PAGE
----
Why didn't Mendel discover autosomal linkage in peas?

Doug Eernisse Doug_Ee at um.cc.umich.edu
Wed Mar 16 14:26:37 EST 1994

In article <763824005snz at zenecabp.demon.co.uk> 
Stephen J Bungard, sbungard at zenecabp.demon.co.uk writes:
>I thought his results were too good to be true statistically, according to
>modern analysis.  Further, I thought it had been suggested that this was 
>likely to be because his assistant(s) knew what the boss wanted and made 
>sure he got these results.  Can anybody confirm or refute (preferably with a
>reference)?   Thanks,

The book I mentioned has a large appendix on this subject, but focusing
more on whether the variation observed was as should be expected.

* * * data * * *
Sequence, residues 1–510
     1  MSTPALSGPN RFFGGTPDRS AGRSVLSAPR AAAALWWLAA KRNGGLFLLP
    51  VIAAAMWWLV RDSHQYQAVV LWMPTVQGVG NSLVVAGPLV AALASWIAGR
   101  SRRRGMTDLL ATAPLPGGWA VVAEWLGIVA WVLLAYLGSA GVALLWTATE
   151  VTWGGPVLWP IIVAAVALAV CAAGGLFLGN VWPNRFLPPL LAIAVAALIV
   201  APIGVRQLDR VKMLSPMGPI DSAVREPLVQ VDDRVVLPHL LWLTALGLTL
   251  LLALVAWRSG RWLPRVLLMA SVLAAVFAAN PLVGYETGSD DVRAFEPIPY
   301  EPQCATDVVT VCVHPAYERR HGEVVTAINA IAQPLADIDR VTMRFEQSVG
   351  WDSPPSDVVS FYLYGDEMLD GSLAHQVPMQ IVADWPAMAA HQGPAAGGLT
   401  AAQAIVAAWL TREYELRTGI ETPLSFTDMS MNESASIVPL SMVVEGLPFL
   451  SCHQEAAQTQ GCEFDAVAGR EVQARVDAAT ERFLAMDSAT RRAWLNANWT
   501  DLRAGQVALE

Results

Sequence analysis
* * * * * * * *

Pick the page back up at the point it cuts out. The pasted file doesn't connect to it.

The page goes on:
They come out very strongly in support of Mendel as a careful scientist,
as examined with the chi-square test (the test that the master statistician,
R. A. Fisher, used to question Mendel's results in 1936). Their position
is that his reputation has been restored in the last decade or two.
I recommend their book highly.

My question has more to do with me not really understanding how frequent
crossing over must occur.

In article <2m5sro$30r at vixen.cso.uiuc.edu> Marty Sachs, msachs at uiuc.edu writes:
>As I understand it, two of the traits that Mendel chose to study are 'linked',
>but more than 50 map units apart (so they appeared to be 'unlinked').  

I didn't realize that linkage could be so easily disrupted.


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